Thrown and Glazed
I never met a potter I didn’t like.
Photographs and pottery draw me in every time. I rarely seek jewelry, lawn sculptures or food stuffs. My time, attention and dollars are committed to beauty snapped or thrown. We’ve all got our preferences, right?
Craft fairs, swap meets and Maxwell Street Days draw all walks of life, seeking unique and special items. The uniformity of big box retail shelves will not be found in the makeshift canopy storefronts of these temporary places. There, each item has been handcrafted; truly one of a kind.
As I’ve aged and find my walls and cabinets full, I am no longer a regular buyer. Yet, I still enjoy a stroll through the stalls, feasting my eyes on the creativity of passionate artisans.
Over the past half-dozen years I’ve frequented vendors lining the downtown streets of Hayward, Wisconsin. On Father’s Day weekend each June, I shop Musky-fest with my sister-in-law and niece, while the fishermen cast on nearby lakes. It has become a treasured tradition, with hopes for sunny skies and warm breezes.
I’ve found a favorite vendor who I make sure to chat with every year. Darrel Bowman is a potter with a down to earth personality. He crafts functional tableware in earthtones that match his disposition. He is quick with a genuine smile that says, “Please take your time and look. Pick it up and feel it in your hands. Whether you are a buyer or a browser, I am interested in you all the same.”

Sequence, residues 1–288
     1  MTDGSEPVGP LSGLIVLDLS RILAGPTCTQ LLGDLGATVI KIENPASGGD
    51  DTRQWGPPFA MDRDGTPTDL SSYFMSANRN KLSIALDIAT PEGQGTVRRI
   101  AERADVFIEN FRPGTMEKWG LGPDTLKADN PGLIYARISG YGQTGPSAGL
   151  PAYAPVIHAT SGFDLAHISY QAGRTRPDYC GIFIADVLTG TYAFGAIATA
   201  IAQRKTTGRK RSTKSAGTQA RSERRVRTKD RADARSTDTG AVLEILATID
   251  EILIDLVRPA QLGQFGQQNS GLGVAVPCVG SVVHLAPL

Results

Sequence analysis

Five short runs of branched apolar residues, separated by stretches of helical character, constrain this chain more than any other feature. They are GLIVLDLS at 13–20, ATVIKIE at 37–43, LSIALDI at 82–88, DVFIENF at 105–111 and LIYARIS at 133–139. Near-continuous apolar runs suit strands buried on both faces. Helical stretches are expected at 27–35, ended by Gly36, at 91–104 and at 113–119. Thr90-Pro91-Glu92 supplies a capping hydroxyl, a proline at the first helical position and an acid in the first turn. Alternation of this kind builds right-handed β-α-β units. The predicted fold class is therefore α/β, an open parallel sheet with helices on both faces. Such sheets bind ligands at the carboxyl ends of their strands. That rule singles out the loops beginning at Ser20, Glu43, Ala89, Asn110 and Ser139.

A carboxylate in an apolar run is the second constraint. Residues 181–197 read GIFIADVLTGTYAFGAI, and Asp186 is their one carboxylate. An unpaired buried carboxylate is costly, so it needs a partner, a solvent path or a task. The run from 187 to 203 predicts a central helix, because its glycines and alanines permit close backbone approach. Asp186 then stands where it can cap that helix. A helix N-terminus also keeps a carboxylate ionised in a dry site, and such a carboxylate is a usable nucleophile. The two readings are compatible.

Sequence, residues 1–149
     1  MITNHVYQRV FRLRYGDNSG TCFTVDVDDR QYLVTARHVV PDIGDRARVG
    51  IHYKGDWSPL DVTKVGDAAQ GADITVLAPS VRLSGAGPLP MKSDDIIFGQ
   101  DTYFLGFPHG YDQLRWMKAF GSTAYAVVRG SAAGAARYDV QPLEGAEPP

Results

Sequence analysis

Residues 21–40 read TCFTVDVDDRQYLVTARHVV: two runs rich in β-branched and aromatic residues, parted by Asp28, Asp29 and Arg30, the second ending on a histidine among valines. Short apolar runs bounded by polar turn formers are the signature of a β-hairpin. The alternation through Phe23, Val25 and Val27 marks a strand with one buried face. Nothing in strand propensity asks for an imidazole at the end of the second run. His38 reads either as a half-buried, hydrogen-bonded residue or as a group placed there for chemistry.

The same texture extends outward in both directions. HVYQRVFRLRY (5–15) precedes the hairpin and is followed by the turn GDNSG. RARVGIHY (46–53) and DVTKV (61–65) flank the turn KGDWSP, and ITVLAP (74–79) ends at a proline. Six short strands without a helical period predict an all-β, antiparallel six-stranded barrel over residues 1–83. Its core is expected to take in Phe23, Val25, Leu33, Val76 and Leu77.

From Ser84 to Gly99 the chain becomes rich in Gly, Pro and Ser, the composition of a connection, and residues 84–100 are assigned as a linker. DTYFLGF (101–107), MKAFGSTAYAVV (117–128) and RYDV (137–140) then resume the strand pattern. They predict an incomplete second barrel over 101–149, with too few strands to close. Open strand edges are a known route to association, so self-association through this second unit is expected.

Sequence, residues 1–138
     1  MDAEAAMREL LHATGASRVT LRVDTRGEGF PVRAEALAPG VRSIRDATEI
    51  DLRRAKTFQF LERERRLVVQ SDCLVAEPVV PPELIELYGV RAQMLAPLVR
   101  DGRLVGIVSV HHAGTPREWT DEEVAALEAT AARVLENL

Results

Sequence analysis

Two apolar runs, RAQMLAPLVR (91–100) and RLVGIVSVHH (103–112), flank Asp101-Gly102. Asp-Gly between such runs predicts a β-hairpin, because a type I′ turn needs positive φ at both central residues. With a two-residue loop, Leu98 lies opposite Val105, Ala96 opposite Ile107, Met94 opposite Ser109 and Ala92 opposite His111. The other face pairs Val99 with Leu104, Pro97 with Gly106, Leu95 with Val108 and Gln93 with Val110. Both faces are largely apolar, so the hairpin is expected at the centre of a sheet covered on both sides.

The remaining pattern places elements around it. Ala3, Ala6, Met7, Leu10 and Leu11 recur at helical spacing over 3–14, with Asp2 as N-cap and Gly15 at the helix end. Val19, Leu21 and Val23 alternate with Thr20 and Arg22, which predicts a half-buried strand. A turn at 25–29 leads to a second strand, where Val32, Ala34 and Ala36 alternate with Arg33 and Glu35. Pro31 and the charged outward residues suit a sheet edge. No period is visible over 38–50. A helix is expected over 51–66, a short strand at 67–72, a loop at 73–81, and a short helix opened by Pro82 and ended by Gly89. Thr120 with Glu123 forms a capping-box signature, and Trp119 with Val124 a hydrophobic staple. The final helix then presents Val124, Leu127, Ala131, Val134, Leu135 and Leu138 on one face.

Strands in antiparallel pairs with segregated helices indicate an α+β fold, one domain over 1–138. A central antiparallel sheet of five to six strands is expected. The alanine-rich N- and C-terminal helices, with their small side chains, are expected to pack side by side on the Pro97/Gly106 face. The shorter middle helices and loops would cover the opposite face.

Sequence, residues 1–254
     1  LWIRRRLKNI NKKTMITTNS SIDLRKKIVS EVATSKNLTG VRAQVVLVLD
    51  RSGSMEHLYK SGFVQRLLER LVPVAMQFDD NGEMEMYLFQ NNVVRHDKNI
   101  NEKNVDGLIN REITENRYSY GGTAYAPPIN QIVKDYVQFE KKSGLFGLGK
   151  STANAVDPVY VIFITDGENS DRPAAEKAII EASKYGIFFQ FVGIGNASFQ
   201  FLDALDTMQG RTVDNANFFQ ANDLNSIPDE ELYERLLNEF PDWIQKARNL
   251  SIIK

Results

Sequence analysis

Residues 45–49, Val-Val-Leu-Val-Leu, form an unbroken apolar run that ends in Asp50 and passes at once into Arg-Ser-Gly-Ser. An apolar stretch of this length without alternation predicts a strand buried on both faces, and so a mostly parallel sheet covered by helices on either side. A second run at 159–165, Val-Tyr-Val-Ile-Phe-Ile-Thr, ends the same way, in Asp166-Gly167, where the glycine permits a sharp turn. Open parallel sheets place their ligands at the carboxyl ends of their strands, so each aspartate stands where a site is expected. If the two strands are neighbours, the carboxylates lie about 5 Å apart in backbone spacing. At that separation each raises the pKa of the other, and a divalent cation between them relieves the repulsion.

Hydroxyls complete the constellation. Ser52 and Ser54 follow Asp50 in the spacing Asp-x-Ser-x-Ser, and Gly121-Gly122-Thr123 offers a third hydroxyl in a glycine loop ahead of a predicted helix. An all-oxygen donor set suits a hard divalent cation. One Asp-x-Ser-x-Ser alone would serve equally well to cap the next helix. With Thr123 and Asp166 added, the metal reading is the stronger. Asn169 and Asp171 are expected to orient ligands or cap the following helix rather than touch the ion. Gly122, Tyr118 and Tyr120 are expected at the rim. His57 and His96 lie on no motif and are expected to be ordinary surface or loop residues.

Although I do love Mr. Bowman’s pottery creations, it is his being that keeps me stopping by and purchasing one piece of pottery each year. My kitchen counter displays a bread baking bowl, an egg cooker and a molcajete crafted by his hands. The pieces are not only pretty and functional, they carry memories of their maker and afternoons shared with family. They carry the meaning of life. When I purchase a piece from him, I build up another piece of myself.
Last June, as my sister-in-law and I picked up and set down bowl after cup after vase, Janet selected two small bowls to purchase. Although she wanted four, she decided two would be a reasonable expenditure for the day. As she wandered off to the next stall, I quietly asked Darrel if he could set aside two additional bowls. I was able to swing by alone, later in the day,to purchase them. In just a few weeks time, when we celebrate the Christmas holiday, I will be excited to watch as Janet opens my gift to her.
Looking forward to next June, I anticipate another pottery purchase. I will find Mr. Bowman and his life’s work. In a makeshift storefront, I’ll choose a piece that has been thrown and glazed by his hands. I’ll pass payment from my hand to his, knowing that I am buying the meaning of life. I imagine we will share conversation and a smile, hoping another years passing will find us repeating the ritual.
* A special thanks to j.s.lamb and Michael Ramsburg for your encouragement and assistance on this one.